JACKSON, Miss. — Mississippi lawmakers on Thursday passed what would be the nation's most restrictive abortion law, making the procedure illegal in most cases after 15 weeks of pregnancy. The state's only abortion provider pledged to sue, and the attorney general said he expected a tough legal battle ahead.
Lawmakers in the Republican-controlled Legislature appeared to not only expect, but to encourage, such challenges in hopes the issue will eventually make its way to the U.S. Supreme Court.
The House voted 75-34 in favor of the bill , and Republican Gov. Phil Bryant said again Thursday that he would sign it. Because of necessary paperwork, it won't reach his desk until next week. The Senate passed the measure Tuesday.
"We are protecting more women, we are protecting more children," said House Judiciary B Committee Chairman Andy Gipson, a Braxton Republican. "By 15 weeks, you have a child in the womb who has a heartbeat, who for all practical purposes has taken on the form of a person."
Under the Supreme Court's 1973 Roe v. Wade ruling establishing a nationwide right to abortion, states were permitted to restrict abortions after viability — the point when the fetus has a reasonable chance of surviving under normal conditions outside the uterus. The ruling offered no legal definition of viability, saying it could range between 24 and 28 weeks into a pregnancy.
The Mississippi measure "seems like a pretty simple bill designed to test the viability line that the Supreme Court has drawn," said David Forte, a law professor at Ohio's Cleveland State University.
Abortion-rights-groups immediately spoke out against the bill, saying it is not legally or medically sound.
"We certainly think this bill is unconstitutional," said Katherine Klein, equality advocacy coordinator for the American Civil Liberties Union of Mississippi. "The 15-week marker has no bearing in science. It's just completely unfounded and a court has never upheld anything under the 20-week viability marker. ... We expect that this bill will be challenged in court and it will lose and, in the process, Mississippi will lose thousands upon thousands of taxpayer dollars."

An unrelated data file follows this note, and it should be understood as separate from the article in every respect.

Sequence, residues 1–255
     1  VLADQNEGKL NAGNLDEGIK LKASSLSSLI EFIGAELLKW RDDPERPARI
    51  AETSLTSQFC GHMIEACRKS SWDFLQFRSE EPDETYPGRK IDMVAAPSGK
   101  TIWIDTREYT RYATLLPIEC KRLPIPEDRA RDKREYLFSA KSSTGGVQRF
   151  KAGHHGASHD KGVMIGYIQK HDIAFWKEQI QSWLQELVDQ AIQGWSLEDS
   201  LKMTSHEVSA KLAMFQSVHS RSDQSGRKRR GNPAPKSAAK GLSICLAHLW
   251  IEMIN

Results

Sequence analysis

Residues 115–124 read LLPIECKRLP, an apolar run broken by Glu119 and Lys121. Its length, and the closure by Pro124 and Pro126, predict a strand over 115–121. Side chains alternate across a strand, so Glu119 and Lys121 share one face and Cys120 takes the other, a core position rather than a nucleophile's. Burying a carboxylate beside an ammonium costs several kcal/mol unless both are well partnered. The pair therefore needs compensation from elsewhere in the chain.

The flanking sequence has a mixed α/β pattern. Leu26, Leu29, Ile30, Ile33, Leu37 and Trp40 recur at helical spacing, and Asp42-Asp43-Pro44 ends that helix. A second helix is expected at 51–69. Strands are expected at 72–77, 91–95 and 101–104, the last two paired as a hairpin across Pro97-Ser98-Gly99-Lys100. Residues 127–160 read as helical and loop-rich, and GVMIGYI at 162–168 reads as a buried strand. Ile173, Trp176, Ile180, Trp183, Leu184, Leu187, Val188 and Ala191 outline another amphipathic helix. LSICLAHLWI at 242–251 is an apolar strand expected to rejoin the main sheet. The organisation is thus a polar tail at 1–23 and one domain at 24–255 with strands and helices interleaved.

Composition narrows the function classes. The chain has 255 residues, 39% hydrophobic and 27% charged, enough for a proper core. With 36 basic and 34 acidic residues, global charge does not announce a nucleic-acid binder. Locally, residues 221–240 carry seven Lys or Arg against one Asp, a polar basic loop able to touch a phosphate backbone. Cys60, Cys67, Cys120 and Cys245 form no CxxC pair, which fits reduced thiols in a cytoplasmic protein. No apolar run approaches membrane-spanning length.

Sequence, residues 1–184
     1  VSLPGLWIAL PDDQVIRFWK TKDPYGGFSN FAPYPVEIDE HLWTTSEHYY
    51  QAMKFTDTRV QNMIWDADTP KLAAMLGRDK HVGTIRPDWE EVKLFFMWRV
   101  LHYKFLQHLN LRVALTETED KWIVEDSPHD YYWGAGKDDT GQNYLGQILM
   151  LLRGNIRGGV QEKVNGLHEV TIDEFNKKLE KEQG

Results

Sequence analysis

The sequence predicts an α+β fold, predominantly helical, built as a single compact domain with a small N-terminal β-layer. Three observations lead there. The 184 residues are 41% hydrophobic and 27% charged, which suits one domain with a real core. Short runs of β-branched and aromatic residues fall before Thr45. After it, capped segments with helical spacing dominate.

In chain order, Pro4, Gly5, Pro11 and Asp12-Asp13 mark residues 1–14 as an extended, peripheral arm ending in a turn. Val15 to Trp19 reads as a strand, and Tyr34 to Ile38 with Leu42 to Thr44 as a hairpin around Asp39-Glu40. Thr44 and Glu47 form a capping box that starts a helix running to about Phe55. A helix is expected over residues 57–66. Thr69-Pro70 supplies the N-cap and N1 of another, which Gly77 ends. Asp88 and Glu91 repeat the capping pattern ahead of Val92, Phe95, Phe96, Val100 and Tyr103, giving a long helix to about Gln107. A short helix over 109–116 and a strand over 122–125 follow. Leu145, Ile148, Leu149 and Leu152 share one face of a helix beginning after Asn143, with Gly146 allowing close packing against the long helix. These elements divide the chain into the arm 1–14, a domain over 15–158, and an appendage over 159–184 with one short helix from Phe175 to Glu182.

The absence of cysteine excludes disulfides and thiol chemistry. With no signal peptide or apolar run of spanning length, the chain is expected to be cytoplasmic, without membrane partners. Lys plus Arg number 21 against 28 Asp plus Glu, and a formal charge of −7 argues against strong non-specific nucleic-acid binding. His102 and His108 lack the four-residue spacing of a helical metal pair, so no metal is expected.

Anti-abortion groups applauded the measure.
"We're thrilled that Mississippi lawmakers are taking a step to protect the basic right to life, as well as protecting maternal health," said Jameson Taylor, acting president of the conservative-leaning Mississippi Center for Public Policy. The center helped craft the bill.
There are two exceptions to House Bill 1510: if the fetus has a health problem that would prevent it from surviving outside the womb at full term, or if the pregnant woman's life or a "major bodily function" is threatened by the pregnancy. Pregnancies as a result of rape and incest are not exempt.
It's unclear if a 15-week ban will move forward elsewhere. A bill has been filed for Louisiana's upcoming legislative session. Gipson said lawmakers in Texas, Georgia, and "some Midwestern states" are exploring the idea. An appeals court in 2015 struck down efforts in North Dakota to ban most abortions after six weeks, when a fetus develops a detectable heartbeat, and in Arkansas after 12 weeks.
Democratic Attorney General Jim Hood said Thursday that he expected legal challenges and he noted that less-restrictive measures banning abortion after 20 weeks of pregnancy have been struck down in other states. The U.S. Senate earlier this year rejected such a ban nationwide when supporters couldn't reach a 60-vote supermajority to act.